Inheritance Tax and Main Residence Relief
- AuthorAlice Morgan
Nothing is more certain than death and taxes. Well, from April 2017 those two worlds will come together to deliver some uncharacteristically welcome news. This is an increase in the threshold, above which an individual’s estate on death is liable to inheritance tax.
Considering the Inheritance Tax rate is 40% (or slightly less if you leave 10% to charity), any increase in the threshold represents for some, a significant tax saving. The key here is “some”. This is not an increase in the tax threshold that applies universally, it comes with it a number of restrictions.
By contrast, the inheritance tax threshold that does apply indiscriminately is called the nil rate band (NRB): each individual is entitled to hold assets up to this value before tax is due. The level currently is £325,000. So the value of the estate above that level attracts tax at a rate of 40%. There are some extensions to this, for example gifts between spouses/civil partners or to charity. With the former, the surviving spouse/civil partner can also claim a percentage of the NRB their spouse/civil partner did not utilise. This is called the Transferable NRB. This ability to roll-forward the unused NRB means there is less need, indeed less incentive to gift outside the marriage/civil partnership on the first death.
The increase due this coming spring introduces a new tax-free slice directly linked to the value of the main residence. In addition, the property must pass, whether my Will or intestacy or by survivorship to a direct descendant. The benefit however will be withdrawn progressively for estates with a net worth of over £2m.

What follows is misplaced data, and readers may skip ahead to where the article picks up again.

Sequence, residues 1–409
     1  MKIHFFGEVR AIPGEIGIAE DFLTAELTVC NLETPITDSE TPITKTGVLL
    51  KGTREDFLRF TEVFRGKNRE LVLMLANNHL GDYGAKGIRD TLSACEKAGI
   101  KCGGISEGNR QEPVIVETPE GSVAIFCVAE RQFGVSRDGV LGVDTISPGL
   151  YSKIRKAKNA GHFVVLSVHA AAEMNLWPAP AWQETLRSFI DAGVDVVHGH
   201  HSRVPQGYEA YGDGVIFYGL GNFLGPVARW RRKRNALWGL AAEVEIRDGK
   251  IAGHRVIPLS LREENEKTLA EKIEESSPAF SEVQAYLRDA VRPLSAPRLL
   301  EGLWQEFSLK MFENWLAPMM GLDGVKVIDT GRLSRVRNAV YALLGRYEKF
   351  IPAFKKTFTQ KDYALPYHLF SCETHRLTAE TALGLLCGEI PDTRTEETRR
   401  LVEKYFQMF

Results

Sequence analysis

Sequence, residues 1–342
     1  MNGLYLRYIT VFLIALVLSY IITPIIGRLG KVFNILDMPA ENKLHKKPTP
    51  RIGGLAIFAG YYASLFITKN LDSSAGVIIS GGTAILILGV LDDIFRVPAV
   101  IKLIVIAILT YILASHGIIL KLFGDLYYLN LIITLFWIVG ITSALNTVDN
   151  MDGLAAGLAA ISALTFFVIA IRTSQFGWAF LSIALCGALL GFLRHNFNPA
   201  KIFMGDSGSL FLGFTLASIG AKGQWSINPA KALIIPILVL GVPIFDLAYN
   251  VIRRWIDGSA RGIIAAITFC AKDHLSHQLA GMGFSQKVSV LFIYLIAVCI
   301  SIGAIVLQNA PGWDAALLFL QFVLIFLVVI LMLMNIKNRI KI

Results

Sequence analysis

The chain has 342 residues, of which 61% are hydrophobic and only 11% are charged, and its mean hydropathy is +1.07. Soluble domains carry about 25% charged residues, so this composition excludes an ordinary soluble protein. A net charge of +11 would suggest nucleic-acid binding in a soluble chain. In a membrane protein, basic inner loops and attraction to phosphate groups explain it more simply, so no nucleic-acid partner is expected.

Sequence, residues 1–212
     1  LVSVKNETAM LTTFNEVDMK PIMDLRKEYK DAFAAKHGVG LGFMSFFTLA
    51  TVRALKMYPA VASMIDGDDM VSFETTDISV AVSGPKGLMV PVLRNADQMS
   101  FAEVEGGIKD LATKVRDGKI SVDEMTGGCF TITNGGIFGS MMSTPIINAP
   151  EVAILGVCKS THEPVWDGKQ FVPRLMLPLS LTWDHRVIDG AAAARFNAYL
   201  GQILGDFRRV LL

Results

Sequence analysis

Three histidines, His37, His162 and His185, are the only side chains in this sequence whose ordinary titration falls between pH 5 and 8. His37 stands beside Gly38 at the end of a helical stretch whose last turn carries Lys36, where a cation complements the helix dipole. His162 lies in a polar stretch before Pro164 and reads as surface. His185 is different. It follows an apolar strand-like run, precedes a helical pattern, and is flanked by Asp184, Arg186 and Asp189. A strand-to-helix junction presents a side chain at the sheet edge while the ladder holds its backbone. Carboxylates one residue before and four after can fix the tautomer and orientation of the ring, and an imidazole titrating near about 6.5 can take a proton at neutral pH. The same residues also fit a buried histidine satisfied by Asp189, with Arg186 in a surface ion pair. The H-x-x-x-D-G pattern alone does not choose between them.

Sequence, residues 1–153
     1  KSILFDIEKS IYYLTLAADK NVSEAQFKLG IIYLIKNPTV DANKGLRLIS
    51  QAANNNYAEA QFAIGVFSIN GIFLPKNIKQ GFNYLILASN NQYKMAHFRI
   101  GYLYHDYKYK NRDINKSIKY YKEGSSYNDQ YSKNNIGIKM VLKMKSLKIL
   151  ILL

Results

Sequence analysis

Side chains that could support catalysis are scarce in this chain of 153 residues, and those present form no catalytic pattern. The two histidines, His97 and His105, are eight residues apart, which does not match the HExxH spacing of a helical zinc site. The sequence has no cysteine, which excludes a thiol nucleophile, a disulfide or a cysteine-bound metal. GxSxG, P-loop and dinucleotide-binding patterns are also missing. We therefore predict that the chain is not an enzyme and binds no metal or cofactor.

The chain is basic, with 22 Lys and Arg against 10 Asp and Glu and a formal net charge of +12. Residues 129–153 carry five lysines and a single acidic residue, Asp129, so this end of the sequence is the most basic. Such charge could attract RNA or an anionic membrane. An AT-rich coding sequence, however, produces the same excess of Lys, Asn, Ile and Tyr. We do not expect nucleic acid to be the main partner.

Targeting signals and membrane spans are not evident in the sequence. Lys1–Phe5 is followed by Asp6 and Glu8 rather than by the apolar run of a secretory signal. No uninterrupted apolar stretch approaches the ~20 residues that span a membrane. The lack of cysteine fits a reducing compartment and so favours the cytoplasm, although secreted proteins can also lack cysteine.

The definition of ‘descendant’ has been given a more modern index and has been expanded to include step, foster or adopted children as well as grandchildren.
Through additional £25,000 increments, the 2017 residence NRB will rise from £100,000 to £175,000 by 2020/21. This represents the cap on the tax benefit. For example, if the value of your property is less than £175,000 (or indeed twice that if the estate is passed between spouse/civil partner on the first death), the value ‘discounted’ from the value of your estate is only up to the value of your property. That is unless you have downsized, whereby a downsizing addition may apply.
Indeed, if you rent as opposed to own your property, the potential benefit is lost.
Headlines were made of the so called £1m tax inheritance tax threshold, which gives an exciting albeit inaccurate view. The figure is calculated with 2020/21 thresholds in mind and represents the maximum tax free threshold where A + B applies. A: the whole estate is passed to the surviving spouse/civil partner, so double NRB = £650,000. B: on the second death the residence, worth no less than £350,000 (subject to downsizing relief) to left to descendants. On this second death, the descendants can be children of either spouse but not necessarily both.
So from a political point of view, the change in legislation looks appealing. It does however disadvantage those who are not married or in a civil partnership, do not have children (or who do not wish to leave their residence to them) or indeed do not own their home. A perhaps fairer and certainly less complex approach would have been to increase the NRB for all. Instead, the NRB however is not set for review until 2020/21.
Such tax benefits of transferring your estate to your wife/civil partner or claiming downsizing relief need to be claimed, otherwise the relief is lost. Come and talk to me, or one of my colleagues to ensure that your assets have been correctly provided for and protected.
Alice Morgan is an Associate Solicitor at Chattertons Solicitors, 17-23 West Parade, Lincoln, LN1 1NW.